The power of tooting your own horn

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Last weekend in Seattle I was lucky to participate in a roundtable discussion consisting of two of the other Expo presenters, Amy Walker and Ulrike Rodrigues, and women on the staff and board of the Cascade Bicycle Club — all of us leaders in the bike movement, as Kathy McCabe, the CBC’s deputy director and the get-together’s organizer, kept reminding us.

A topic that kept coming up again and again is that when we are in male-dominated industries — like bicycling — we do not always feel free to express ourselves. We talked about different approaches to changing that, and I brought up the Portland Society, the nonprofit alliance I helped found of professional women who are passionate about bicycling. Our monthly breakfast meetings are geared towards professional development and expert speakers, but that the really life-changing part is the beginning when we go around the room and introduce ourselves — we ask everyone to also “toot your own horn,” each participant telling the group something we’ve done in the last month that we’re proud of.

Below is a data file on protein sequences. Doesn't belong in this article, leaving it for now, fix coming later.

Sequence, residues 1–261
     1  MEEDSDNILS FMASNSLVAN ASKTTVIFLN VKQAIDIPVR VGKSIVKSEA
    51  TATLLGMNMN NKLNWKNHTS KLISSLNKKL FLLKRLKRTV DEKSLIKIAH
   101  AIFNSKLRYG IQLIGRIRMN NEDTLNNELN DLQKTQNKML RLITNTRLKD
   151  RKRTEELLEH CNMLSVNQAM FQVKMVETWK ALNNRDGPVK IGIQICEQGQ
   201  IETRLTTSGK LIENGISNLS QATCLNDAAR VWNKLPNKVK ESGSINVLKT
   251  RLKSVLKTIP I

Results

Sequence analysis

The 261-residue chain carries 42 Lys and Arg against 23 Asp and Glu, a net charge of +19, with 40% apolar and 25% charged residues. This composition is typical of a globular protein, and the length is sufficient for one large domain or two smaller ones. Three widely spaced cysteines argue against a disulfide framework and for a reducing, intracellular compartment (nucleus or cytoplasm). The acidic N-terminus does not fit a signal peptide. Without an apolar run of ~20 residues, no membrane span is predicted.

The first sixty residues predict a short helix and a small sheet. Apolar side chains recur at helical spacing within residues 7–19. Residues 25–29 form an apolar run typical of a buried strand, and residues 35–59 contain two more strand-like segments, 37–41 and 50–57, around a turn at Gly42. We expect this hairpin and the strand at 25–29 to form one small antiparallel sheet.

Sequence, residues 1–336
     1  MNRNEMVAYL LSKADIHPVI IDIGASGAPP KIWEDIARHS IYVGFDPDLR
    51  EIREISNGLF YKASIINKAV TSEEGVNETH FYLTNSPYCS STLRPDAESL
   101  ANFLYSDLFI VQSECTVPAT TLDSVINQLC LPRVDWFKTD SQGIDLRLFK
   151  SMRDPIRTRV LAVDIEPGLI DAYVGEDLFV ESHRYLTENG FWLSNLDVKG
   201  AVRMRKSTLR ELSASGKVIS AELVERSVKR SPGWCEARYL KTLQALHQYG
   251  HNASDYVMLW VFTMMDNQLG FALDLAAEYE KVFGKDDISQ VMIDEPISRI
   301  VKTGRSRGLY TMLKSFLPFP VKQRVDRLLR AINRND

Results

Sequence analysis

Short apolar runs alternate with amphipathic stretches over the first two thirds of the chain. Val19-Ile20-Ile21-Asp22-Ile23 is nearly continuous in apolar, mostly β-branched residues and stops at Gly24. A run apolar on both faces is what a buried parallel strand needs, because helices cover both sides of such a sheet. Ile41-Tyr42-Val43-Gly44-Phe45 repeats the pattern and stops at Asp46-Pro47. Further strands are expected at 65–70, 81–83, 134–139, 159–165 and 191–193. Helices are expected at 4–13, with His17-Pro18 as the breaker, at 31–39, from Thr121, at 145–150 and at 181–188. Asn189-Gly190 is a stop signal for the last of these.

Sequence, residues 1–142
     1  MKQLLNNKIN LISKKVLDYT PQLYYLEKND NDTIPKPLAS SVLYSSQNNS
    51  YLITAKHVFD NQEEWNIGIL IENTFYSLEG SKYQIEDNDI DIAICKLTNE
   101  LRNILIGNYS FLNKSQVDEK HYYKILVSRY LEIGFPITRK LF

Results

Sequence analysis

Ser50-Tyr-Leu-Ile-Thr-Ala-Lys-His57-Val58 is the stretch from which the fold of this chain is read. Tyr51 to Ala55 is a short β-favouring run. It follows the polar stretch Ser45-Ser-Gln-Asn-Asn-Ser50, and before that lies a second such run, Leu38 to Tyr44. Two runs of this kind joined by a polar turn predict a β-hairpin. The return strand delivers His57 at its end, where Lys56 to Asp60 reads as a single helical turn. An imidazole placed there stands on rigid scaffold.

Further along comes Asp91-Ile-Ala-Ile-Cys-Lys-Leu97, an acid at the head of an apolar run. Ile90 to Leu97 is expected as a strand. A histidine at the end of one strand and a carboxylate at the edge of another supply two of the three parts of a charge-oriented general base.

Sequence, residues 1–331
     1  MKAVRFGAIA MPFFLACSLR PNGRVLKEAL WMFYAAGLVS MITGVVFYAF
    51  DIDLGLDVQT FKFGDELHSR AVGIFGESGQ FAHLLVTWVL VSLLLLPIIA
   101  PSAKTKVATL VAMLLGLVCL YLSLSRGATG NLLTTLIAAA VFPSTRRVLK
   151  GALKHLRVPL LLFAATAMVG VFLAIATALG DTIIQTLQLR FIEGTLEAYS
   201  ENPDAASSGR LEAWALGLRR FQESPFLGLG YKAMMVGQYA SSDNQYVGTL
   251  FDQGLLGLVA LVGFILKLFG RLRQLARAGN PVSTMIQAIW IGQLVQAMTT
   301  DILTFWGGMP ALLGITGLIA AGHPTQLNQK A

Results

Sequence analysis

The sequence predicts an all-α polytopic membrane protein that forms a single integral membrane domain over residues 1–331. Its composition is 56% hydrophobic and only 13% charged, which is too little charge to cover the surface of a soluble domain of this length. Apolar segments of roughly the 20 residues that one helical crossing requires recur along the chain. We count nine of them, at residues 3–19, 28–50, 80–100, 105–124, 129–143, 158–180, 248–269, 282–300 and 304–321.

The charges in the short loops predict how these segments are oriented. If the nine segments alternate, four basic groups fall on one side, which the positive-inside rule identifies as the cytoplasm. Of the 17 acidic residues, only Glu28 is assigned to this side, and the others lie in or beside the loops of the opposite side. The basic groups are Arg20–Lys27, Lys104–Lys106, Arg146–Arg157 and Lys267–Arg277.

When we started the group, the “toots” were often modest, flustered, even apologetic. One member at the first meeting had just come in second in a mountain bike race but didn’t want to brag about it. As time has gone by (almost two years now!) the increase in confidence has been palpable. There’s been a cultural shift, too, and newcomers join longtime members in straightforwardly asserting their accomplishments. It’s hard to say, but my sense is that the accomplishments themselves have also grown more awesome over time. It’s working.

After telling the Seattlites about this practice, I made them go around and do it on the spot. They were naturals. Perhaps they’ll start something — if so, I’m excited to see what Seattle-specific form it takes. I hope they give us a run for our money!